So, how do I feel about Fidel dying? Happy and lonely. Happy, solely because my grandparents and mother outlived him. Lonely, because the widespread reaction to Fidel’s death has shown how truly alone the Cuban American community is in understanding the scope of the pain associated with what has been going on in Cuba for nearly 60 years.  There are a generation of Americans that remember a time when “what should we do about Cuba” was the question de jour. This was a time when America was at war with “the Big Red Dog” and Russia was attempting to bring nuclear missiles 90 miles from our Southern border. Note that the question was never, “what can we do to help the Cuban people?” That’s an important distinction to make. Generally speaking, the US government does not care about human rights violations unless there is some sort of significant financial or security interest in doing so. Cuba made the grave mistake of never developing a natural resource that the US would’ve some day wanted to exploit. Therefore, when the paranoia of Communist blacklists, Cuban spies and nuclear missiles controlled by this madman went away, so did American concerns over Cuba and the Cuban people. This is the heart of why many Cuban Americans don’t like JFK, love Reagan and despise Obama. This is why Cuban Americans feel lonely now. What we had all hoped would be a time of enlightenment for people on the atrocities committed by this regime and an opportunity for the leaders of the “free world” to condemn the actions of a brutal dictator turned into a celebration of Castro’s alleged strides in education and universal healthcare.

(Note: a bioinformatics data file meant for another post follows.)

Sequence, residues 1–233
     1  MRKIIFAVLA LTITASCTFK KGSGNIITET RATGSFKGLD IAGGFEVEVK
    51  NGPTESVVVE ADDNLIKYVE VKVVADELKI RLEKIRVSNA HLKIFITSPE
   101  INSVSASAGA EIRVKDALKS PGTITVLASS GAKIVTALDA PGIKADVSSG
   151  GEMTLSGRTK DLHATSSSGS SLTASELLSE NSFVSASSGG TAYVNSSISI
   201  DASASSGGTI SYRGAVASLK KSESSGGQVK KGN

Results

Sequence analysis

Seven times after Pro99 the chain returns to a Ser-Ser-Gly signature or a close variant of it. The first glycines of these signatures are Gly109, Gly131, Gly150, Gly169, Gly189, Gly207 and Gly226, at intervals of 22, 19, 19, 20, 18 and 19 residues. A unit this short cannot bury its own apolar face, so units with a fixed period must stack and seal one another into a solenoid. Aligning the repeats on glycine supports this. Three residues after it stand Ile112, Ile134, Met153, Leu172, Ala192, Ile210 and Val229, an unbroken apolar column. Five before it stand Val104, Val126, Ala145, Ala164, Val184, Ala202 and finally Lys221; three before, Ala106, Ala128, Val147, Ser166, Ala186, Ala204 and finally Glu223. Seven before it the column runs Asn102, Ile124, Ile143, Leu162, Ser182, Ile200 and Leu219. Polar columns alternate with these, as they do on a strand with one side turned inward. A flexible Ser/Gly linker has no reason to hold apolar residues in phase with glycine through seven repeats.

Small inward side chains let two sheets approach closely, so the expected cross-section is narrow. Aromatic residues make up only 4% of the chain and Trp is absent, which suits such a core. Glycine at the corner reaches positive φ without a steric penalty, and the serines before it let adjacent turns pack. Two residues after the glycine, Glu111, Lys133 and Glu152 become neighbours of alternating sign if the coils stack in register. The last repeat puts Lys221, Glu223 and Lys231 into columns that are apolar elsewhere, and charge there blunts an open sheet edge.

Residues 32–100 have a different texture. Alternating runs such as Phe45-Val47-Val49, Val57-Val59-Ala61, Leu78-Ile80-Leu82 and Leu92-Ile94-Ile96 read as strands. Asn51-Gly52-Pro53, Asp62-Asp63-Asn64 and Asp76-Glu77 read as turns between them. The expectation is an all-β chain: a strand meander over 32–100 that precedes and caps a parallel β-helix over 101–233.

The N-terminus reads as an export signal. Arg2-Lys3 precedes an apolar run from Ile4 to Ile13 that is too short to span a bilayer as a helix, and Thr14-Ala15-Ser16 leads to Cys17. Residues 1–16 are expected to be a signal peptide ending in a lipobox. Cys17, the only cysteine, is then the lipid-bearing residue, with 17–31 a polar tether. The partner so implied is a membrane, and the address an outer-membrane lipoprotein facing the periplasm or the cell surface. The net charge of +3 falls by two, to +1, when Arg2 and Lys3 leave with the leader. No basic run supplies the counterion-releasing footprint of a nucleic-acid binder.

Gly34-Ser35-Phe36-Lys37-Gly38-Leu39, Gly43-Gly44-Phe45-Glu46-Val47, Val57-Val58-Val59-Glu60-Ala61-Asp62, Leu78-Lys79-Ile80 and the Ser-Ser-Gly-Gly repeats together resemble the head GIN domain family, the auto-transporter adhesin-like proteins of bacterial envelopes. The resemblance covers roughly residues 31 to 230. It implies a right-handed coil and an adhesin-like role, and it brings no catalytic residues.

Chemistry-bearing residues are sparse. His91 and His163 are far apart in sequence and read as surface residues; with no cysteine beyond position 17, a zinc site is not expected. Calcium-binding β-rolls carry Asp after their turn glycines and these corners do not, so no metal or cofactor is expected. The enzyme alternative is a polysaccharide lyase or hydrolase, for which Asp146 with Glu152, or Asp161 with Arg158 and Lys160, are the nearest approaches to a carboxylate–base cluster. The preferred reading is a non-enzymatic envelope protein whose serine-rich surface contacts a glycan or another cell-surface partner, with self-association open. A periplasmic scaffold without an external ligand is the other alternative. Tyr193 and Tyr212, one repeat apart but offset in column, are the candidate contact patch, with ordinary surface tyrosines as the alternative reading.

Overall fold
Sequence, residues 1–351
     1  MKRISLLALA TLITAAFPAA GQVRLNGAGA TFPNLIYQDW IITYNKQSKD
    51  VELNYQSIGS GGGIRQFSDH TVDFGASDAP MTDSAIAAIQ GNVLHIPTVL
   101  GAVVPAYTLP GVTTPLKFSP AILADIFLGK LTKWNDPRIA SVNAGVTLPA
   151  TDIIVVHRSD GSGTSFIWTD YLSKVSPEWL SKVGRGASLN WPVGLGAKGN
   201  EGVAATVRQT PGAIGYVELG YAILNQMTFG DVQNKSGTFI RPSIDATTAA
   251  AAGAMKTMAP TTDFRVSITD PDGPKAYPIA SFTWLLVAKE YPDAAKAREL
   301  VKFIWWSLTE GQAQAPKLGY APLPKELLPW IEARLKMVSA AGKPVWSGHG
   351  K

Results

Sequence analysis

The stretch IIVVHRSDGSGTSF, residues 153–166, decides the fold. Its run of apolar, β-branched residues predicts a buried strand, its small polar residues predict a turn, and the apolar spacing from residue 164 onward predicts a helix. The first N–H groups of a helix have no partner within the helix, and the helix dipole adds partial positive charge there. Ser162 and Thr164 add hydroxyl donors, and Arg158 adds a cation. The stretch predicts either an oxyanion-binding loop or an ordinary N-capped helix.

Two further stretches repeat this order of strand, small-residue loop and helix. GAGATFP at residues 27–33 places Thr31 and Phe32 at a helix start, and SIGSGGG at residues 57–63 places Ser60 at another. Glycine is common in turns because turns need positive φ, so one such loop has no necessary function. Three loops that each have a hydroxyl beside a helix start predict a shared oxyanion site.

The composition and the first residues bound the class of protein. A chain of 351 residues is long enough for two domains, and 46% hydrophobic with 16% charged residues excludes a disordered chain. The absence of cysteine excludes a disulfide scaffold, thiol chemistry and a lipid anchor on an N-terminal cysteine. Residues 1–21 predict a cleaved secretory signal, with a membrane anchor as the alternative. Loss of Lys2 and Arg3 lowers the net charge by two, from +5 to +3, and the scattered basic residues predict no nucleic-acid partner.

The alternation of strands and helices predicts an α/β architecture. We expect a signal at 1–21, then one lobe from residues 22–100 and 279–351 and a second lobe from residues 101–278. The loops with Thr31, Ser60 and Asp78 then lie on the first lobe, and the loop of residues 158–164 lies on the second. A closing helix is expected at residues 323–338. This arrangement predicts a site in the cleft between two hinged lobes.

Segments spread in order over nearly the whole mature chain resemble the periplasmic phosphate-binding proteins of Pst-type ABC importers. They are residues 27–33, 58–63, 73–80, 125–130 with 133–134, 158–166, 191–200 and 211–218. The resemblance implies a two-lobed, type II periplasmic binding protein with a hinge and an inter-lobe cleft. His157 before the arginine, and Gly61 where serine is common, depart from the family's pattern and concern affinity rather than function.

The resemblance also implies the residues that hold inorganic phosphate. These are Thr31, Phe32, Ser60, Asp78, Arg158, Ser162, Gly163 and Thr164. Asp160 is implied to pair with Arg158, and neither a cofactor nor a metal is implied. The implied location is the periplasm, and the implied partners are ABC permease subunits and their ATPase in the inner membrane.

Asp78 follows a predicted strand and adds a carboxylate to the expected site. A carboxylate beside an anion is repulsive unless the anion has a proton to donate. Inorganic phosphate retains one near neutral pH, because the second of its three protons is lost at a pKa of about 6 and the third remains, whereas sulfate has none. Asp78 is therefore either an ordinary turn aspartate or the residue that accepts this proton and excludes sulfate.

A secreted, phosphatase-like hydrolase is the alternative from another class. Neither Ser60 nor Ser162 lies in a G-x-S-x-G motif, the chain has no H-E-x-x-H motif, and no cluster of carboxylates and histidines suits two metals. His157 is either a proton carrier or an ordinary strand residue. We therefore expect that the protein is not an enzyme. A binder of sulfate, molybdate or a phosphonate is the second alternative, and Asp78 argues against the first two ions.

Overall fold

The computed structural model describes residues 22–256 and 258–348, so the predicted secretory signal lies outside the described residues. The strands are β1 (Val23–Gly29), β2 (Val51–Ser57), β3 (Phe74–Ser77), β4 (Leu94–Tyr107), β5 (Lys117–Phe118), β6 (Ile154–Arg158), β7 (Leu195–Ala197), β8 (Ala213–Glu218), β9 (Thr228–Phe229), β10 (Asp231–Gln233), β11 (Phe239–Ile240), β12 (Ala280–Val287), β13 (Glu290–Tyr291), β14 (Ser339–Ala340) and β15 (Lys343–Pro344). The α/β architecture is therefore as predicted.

In the pre-Castro era a medical degree from the University of Havana was considered to be on par with that of a degree from Harvard. They had exchange programs where Harvard students would train in Havana and visa versa. Cuban doctors had reciprocity to practice in the United States even. Cuba’s educational and healthcare systems were by far the best in Latin America, second only to the United States and Canada in the hemisphere. This is not meant to downplay some of the inequalities that existed, as Batista was in no way a benevolent ruler and wealthy Americans dominated much of Cuban industry. However, it is meant to illustrate the Country’s status prior to Castro’s revolution.